Another details are the wide open cab windows. On every prototype photo of an A5 which was under steam and working the cab windows were wide open. I realized this on the model by filing away the middle window crossbar and the outer frames representing a closed window pane.

Lutz
Cheers Lutz
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#14
I really like that the motor / gearbox fits, with enough room to allow the building of the backhead, and cab interior detailing.
This is coming along very nicely !! Thumbsup Thumbsup
We always learn far more from our own mistakes, than we will ever learn from another's advice.
The greatest place to live life, is on the sharp leading edge of a learning curve.
Lead me not into temptation.....I can find it myself!
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#15
It is time to write this post a little bit further.

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For easier mounting and demounting i filed off the upper front edge of the gearbox casing.
Adding details. A chapter of resarch for prototype photos and studying them intensively. Very intensively.
I start detailing the running gear.
Why there were missing brake detail parts on all Bowser kits, even on the superdetailed ones :?:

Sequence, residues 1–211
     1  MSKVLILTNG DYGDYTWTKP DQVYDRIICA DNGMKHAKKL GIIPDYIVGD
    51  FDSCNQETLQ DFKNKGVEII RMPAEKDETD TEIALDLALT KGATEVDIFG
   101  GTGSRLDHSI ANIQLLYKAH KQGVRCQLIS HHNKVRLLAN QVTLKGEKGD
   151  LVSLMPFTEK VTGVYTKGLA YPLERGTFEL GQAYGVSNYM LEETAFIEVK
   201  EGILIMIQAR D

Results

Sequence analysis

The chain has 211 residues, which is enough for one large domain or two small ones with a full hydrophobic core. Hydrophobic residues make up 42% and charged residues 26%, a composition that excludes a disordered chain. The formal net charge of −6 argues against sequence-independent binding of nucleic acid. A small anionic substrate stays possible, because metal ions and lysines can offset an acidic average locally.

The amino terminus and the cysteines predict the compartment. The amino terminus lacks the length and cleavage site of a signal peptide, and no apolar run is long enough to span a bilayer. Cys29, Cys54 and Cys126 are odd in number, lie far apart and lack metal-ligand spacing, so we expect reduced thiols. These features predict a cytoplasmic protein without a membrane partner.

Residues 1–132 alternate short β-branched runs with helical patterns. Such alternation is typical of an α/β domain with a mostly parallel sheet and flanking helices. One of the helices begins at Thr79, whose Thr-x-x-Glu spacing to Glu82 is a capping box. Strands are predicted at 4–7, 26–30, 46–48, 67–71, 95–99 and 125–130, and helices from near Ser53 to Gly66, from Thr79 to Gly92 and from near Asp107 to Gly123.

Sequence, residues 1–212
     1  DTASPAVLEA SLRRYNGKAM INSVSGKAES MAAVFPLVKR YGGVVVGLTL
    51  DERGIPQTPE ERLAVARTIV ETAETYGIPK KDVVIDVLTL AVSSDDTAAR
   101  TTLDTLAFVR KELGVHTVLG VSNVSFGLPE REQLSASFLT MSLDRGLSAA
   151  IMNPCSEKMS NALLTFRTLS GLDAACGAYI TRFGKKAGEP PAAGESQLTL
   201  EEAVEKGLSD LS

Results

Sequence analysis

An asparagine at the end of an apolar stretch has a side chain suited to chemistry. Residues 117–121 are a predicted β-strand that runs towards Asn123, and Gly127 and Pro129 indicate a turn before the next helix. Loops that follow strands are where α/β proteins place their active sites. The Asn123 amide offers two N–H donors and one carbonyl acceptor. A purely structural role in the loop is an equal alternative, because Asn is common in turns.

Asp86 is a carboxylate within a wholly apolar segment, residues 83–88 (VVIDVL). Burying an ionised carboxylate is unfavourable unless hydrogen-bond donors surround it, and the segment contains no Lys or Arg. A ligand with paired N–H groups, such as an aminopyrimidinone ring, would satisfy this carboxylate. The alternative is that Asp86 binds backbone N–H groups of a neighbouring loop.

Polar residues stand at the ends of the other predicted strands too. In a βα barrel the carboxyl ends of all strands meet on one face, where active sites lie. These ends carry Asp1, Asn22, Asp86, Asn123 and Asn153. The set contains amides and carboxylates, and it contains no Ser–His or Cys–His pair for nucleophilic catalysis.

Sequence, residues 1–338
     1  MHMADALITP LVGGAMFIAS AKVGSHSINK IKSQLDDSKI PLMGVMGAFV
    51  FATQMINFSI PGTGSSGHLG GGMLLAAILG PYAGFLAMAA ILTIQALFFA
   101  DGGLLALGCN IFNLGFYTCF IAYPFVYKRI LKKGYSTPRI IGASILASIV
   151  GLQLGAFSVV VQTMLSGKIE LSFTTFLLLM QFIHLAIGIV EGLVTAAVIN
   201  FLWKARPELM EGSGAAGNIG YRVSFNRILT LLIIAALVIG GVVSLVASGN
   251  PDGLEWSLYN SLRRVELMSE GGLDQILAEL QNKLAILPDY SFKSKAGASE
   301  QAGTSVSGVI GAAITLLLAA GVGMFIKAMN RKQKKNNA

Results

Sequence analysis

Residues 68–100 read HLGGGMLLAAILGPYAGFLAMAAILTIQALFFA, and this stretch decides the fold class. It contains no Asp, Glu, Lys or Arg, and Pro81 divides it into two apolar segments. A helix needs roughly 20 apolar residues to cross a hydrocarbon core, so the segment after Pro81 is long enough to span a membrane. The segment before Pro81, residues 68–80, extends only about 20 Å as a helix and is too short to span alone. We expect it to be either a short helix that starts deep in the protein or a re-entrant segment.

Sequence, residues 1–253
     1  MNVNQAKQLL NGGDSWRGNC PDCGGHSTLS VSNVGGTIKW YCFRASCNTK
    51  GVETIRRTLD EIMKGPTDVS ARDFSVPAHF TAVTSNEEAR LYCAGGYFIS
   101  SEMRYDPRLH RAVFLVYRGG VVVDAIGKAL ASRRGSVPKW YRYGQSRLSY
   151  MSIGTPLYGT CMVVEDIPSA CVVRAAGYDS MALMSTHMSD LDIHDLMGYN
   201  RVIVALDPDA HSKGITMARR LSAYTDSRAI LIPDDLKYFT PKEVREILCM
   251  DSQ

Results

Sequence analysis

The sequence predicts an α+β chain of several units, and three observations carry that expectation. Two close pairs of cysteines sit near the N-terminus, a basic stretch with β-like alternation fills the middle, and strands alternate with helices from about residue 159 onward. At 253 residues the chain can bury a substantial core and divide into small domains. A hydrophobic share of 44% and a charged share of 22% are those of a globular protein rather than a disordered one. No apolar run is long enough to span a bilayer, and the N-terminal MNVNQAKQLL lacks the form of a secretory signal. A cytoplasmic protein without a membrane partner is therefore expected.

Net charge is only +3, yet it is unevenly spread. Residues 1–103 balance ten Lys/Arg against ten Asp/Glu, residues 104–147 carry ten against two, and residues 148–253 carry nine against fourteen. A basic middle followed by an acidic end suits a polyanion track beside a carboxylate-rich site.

Two pair of suitable brake shoes i found in my scrap box. Of course this are German prototype brake shoes, but they look right according to the A5 prototype.
On the photo most parts on the running gear are fixed, but there in the box a many parts still awaiting attention.
The coupler and box are Kadee #78 which will fit perfect.

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Because of the boiler backhead i had to remove some flesh from the rear motor mounting block.
The ashpan was simple made out of some styrene half tube.

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Another perspective. Here the body got some of its details also.
But by looking to prototype photos i found the front end of the running board above the cylinders were not so massive as Bowser casted them.
So before detailing i milled the to much portions away. I made from some thin brass stripe mounting angles for the very front of the running boards.
Beneath the boiler backhead you see a styrene block. This block is hollow and has nut glued inside. Thus enables me to mount the rear end of the body simple srewing to the running gear. The block is sitting direct on the frame. By simple loosening two screws on the underside you can lift the Body straight off the chassis:

[Image: dsc010389to5.jpg]

Next to do is making swiss cheese out of the shell. Big Grin
Means to drill several holes and bores into the casting and a really lot of drilling with different diameters.

Lutz
Cheers Lutz